“Remember that the reader’s attention is yours for only a single instant. They will not use up their valuable time trying to figure out what you mean.”
And speaking of warnings, ask yourself a couple of related questions before you send anything out for public consumption:
1. Do your readers IMMEDIATELY understand what you’re saying?
2. Do they have to make a difficult connection to make sense of what you’ve written?
3. If you’re using curiosity, is it too obscure to follow?
Metaphor Examples for Fun and Profit
Here are some common examples… with another warning in a minute.
- the 800 pound gorilla in the room
- abandon ship
- belling the cat
- boiling the frog
- it’s in the ballpark
- jump on the bandwagon
- beat a dead horse
- you’re an eager beaver
- it’s not a bed of roses
- monkey see, monkey do
- the apple doesn’t fall far from the tree
- don’t jump the gun
- he’s a rotten apple
- strange bedfellows
- bite the bullet
- rat me out
- belly of the beast
- traveling on the information superhighway
- a laundry list of services
- the straw that broke the camel’s back
Warning About Overused Metaphors
When copywriters get a list of metaphors, they tend to go overboard and it’s hard to figure out what they’re actually trying to say.
The meaning gets buried in the ridiculously colorful language.
Just as bad, beginning writers choose the same-old, beaten-to-death metaphors that are WORSE than using nothing at all.
Also, you can screw up the use of a metaphor if you don’t know your audience well enough… the meaning may be obvious to you, but not to the age group you’re selling to.
That’s why it’s so important to KNOW your market intimately.
Because using their jargon lowers the barrier of distrust.
But MISUSING the jargon “sticks out like a sore thumb” (which is a simile) and makes you look like a poser.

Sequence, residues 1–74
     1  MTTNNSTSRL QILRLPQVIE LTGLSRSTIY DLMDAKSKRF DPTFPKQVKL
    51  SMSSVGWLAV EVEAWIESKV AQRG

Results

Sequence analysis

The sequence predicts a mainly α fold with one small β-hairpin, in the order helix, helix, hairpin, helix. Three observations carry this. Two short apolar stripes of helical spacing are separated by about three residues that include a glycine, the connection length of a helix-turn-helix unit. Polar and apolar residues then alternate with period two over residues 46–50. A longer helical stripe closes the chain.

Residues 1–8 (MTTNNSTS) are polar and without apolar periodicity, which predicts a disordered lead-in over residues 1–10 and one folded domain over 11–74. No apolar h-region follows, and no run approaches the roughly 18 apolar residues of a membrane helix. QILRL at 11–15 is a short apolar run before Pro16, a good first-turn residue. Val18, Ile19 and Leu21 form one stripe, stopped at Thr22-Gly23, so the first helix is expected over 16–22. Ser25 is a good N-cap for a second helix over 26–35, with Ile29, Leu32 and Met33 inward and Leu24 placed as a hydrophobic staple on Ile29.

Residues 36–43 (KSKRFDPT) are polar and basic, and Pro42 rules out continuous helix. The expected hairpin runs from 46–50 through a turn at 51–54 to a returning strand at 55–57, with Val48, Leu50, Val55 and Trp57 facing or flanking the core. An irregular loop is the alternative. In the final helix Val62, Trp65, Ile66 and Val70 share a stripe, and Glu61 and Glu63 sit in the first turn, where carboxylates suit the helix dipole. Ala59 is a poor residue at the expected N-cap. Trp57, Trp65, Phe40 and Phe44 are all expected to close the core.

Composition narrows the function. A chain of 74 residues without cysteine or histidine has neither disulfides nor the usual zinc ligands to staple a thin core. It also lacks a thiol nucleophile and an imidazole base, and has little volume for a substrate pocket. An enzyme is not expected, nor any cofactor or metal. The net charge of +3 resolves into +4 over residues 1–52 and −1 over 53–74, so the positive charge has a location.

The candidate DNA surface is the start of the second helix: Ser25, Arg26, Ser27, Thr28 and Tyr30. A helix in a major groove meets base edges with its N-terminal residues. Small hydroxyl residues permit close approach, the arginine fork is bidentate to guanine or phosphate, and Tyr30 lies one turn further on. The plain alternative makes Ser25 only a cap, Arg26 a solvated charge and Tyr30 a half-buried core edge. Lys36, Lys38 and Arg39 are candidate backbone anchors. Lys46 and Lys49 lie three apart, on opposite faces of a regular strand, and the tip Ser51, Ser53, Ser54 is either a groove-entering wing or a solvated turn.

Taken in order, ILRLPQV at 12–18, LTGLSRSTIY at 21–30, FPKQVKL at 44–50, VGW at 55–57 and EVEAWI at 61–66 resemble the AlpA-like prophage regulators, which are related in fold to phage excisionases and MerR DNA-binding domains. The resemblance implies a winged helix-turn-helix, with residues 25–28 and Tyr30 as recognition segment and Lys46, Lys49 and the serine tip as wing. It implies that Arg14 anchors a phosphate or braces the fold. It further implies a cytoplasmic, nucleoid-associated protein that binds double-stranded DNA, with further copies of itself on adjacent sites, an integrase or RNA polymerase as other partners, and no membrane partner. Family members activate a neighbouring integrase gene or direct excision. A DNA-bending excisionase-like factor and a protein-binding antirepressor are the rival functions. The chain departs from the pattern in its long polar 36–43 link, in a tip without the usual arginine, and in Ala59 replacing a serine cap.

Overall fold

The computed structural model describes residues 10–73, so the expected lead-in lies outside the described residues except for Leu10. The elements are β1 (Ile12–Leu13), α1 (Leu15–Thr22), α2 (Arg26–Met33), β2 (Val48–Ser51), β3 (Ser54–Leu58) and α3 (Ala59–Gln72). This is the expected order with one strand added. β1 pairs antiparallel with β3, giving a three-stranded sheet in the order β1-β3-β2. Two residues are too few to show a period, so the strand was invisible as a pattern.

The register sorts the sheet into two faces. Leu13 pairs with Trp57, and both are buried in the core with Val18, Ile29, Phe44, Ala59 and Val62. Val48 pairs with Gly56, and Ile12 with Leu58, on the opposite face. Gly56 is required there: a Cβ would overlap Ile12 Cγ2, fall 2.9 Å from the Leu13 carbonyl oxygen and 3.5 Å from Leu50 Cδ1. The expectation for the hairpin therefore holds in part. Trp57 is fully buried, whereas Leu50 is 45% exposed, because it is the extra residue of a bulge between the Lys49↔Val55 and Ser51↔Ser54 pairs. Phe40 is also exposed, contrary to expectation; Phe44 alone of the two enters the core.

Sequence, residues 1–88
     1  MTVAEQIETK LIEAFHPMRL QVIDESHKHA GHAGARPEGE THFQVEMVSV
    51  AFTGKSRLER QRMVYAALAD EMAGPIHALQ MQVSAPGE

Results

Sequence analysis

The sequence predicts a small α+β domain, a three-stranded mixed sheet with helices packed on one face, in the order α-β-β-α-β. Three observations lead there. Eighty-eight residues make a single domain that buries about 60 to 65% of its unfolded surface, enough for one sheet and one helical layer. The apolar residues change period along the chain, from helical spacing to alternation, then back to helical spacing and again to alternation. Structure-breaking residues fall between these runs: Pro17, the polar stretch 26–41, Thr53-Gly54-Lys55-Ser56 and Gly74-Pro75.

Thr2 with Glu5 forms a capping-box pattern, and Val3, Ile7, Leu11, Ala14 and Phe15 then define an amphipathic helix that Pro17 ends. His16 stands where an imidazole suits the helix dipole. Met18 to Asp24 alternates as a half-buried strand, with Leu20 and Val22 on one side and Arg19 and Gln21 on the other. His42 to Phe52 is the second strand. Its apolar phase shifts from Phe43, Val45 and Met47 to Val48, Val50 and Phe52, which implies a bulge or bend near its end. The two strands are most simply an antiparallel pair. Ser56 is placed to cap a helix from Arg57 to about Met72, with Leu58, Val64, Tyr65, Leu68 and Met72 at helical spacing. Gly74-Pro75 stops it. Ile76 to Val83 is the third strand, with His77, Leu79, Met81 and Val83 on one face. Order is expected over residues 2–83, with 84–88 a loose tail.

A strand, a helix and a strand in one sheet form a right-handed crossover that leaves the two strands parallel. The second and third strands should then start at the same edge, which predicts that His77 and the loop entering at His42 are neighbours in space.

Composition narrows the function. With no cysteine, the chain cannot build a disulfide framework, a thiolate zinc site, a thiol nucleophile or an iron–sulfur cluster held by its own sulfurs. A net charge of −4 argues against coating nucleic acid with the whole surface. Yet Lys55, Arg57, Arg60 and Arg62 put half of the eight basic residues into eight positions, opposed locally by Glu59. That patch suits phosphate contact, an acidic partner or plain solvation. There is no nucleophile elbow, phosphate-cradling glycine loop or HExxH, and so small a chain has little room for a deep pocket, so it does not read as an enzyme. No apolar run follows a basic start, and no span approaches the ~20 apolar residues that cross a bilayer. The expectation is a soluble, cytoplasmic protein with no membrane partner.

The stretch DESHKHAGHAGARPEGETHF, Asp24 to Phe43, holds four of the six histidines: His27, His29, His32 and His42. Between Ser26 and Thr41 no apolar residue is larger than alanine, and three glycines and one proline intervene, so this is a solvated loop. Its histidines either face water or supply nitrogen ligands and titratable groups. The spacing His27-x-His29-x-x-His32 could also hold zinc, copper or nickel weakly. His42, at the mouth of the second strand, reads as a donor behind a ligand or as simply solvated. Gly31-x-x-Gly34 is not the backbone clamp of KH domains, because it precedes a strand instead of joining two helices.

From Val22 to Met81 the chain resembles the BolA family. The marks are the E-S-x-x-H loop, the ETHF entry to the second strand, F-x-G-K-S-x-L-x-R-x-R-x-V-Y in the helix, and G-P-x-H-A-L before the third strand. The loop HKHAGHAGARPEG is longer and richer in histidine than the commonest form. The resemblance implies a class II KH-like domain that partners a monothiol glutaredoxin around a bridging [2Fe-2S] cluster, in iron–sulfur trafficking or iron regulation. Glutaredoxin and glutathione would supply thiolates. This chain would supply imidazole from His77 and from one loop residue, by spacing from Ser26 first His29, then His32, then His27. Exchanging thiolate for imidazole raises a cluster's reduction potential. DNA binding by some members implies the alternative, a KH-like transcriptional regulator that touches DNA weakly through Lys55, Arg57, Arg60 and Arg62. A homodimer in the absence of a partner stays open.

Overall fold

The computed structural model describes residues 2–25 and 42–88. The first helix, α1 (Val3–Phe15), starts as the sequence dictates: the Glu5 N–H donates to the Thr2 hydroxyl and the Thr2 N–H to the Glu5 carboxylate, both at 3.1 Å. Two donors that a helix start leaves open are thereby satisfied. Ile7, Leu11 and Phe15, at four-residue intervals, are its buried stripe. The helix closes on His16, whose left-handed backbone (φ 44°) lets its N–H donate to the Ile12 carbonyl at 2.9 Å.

So if you pick a metaphor that’s not immediately obvious to your reader, you lose them.
It’s like telling a joke but nobody laughs.
For instance, let’s say you want to describe a copywriting book that finally makes everything clear.
You might call it, the “Rosetta Stone,” of copywriting.
But if your audience has never heard of the Rosetta Stone, you’ll just get the deer-in-the-headlights reaction (that’s an idiom).
I’m not an English professor, so sometimes I get idioms and metaphors mixed up.
But that’s not the point anyway.
Our final goal is to MAKE THE SALE… not get bogged down with English technicalities.
OK, here’s a few more metaphors, this time from more literary sources… which… are a great place to steal from.
“Humor is the shock absorber of life; it helps us take the blows.” (Peggy Noonan, “What I Saw at the Revolution,” 1990)
“Men’s words are bullets, that their enemies take up and make use of against them.” (George Savile, Maxims)
“A man may break a word with you, sir, and words are but wind.” (William Shakespeare, The Comedy of Errors)
“If a man does not keep pace with his companions, perhaps it is because he hears a different drummer. Let him step to the music which he hears, however measured or far away.” (Henry David Thoreau, Walden, 1854)
A COUPLE MORE …
Metaphors: A Parting Shot
You have to KEEP grabbing your reader’s attention and pulling them back into the copy…even AFTER your brilliant headline or sizzling subject line has initially grabbed their eyeballs.
And using metaphors, similes, and idioms… is like telling a dozen “little stories” within the larger context, which is your e-mail… or even a series of emails.
The same goes for long-form sales copy or even classified ads… overarching stories with little story “bursts” of brain-pleasure along the way.
So when you hear or read a great one, capture it by putting it in a file.
Then strategically sprinkle them throughout your copy.
Your bank account will thank you.
Leave your comments… or your favorite metaphors… below for all to enjoy.